Nine amazing family days out this summer
Stuck for summer holiday inspo? Have you got little ones that need to be kept entertained? Well, you're in the right place. This is the ultimate guide to amazing days out with the family. Get stuck into interactive exhibitions, awe-inspiring street parties and incredible outdoor productions of childhood classics with our pick of nine unforgettable kid-friendly experiences in London this summer.
Nine ways to be at one with nature this summer
London is one fun place to be when summer rolls around. And while we can't always count on the weather (this is England, after all), the city's outdoor spaces are brimming with activity. From nature trails to immersive experiences and full-blown country fairs, these are the reasons why you should get outdoors and be at one with nature this summer.
Ten ways to fill your London summer with culture and creativity
When the days are longer, the breeze is flowing through your hair and you've got an iced coffee in hand, all you need to cap it off is somewhere amazing to go. And that's where we come in! Satisfy your curiosity with our list of ten arts and culture highlights of London this summer.
15 brilliant beaches near London
As dazzling as London can be in the summer, there’s really only one place that everyone wants to be at the height of summer: the beach. And if the British seaside is calling to you, siren-like right now, you’ll be pleased to know that London is actually within easy reach of plenty of gorgeous seaside towns and scenic coastal walks – not to mention some of the best beaches in the UK. From the vast unbroken expanse of Camber Sands to the eerie other-worldly beauty of Dungeness, we’ve rounded up the 15 best beaches within two hours of the capital. Whether you’re after secluded spots or bustling resort towns, we’ve got you covered. So pack your swimming cozzie, grab your bucket and spade, and head to one of these gorgeous beaches near London. Just don’t forget the factor-50. It might be England, but it can still get scorching out there. RECOMMENDED The best day trips from London.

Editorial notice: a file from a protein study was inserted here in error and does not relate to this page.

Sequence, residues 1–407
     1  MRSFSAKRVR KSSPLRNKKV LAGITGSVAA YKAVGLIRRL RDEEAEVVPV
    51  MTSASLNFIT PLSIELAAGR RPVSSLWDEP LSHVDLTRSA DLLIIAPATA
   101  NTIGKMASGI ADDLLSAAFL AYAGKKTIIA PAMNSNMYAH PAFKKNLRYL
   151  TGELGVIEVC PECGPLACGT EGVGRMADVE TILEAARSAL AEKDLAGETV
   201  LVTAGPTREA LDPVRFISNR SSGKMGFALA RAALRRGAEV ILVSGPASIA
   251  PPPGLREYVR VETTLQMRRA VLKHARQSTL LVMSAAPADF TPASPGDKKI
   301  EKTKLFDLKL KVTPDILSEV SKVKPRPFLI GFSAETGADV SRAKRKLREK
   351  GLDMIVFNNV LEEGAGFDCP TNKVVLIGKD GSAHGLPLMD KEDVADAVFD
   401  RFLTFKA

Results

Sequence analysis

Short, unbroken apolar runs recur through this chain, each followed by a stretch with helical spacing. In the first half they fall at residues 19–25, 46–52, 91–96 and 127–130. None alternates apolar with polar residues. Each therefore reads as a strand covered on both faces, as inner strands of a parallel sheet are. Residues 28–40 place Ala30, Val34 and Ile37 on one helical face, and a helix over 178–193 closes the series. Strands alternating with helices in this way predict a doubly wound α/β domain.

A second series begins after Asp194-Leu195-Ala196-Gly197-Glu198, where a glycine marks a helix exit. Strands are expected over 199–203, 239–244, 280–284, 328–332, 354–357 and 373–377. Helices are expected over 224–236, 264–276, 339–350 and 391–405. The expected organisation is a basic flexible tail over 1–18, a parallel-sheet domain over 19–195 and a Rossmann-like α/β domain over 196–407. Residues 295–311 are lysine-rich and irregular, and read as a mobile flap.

Easter activities for kids in London
Remember Easter? We get a four-day bank holiday weekend (Friday April 15 to Monday April 18 this year) when we can go out and have fun with our family. We haven’t had a proper Easter for a couple of years, so you’d be forgiven for forgetting what to do. Which is where we come in. Below is a list of ideas for things you can get up to in London with the kids this Easter weekend – and the rest of the the school holidays. Welcome back! RECOMMENDED: Crack open our full guide to the Easter weekend.
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The V&A’s ambitious new exhibition is a triumphant attempt to complete the near-impossible task of capturing an entire continent through its fashion. Incorporating textiles, design and still and moving images, ‘Africa Fashion’ takes visitors on a compelling journey from the 1960s to the present day in a bid to reshape existing geographies and narratives of style. It feels like a glorious celebration. There’s joy in the key points that punctuate the show: a brilliant pink outfit of trousers and kinetic cape by Imane Ayissi from 2019 bams you straight in the eye as you enter. The second floor is dominated by Artsi Ifrach’s Maison Artc ‘A Dialogue Between Cultures’, with its organza, ribbon and plastic-fishbone crinoline, dress and mask at the top of the stairs, while James Barnor’s gorgeous Kodachrome photographs hail us like old friends in an embrace of colour. But there’s also pleasure in the quieter examples: a salt-crystal necklace by Ami Doshi Shah, Ibrahim Kamala’s loving 2022 photographic homage to trailblazing designer Chris Seydou’s 1980s ensemble, the assurance of Gouleh Ahmed’s images of non-binary people. While these moments accrue, there’s never a sense of being overwhelmed by content, there’s a confident restraint, a balance between the headliners and the new kids on the block which always keeps things fresh and unflagging. Identity and Blackness are core here, and while there’s a political dimension working through the narratives and choice of contemporary design
Admittedly any eggs might be bigger (and riskier) than the traditional Easter versions, but getting up close and personal with dinosaurs is a perennial crowd-pleaser with kids. In April, Dino Kingdom opens its gates to families with a host of projections, holograms, fossils, dino babies and, best of all, a number of fearsome lifelike moving dinosaurs, including a 16-metre-high T-rex ready to roar at those brave enough to say hello. Early-bird tickets are available with 20 percent off.
Horniman Museum Spring Fair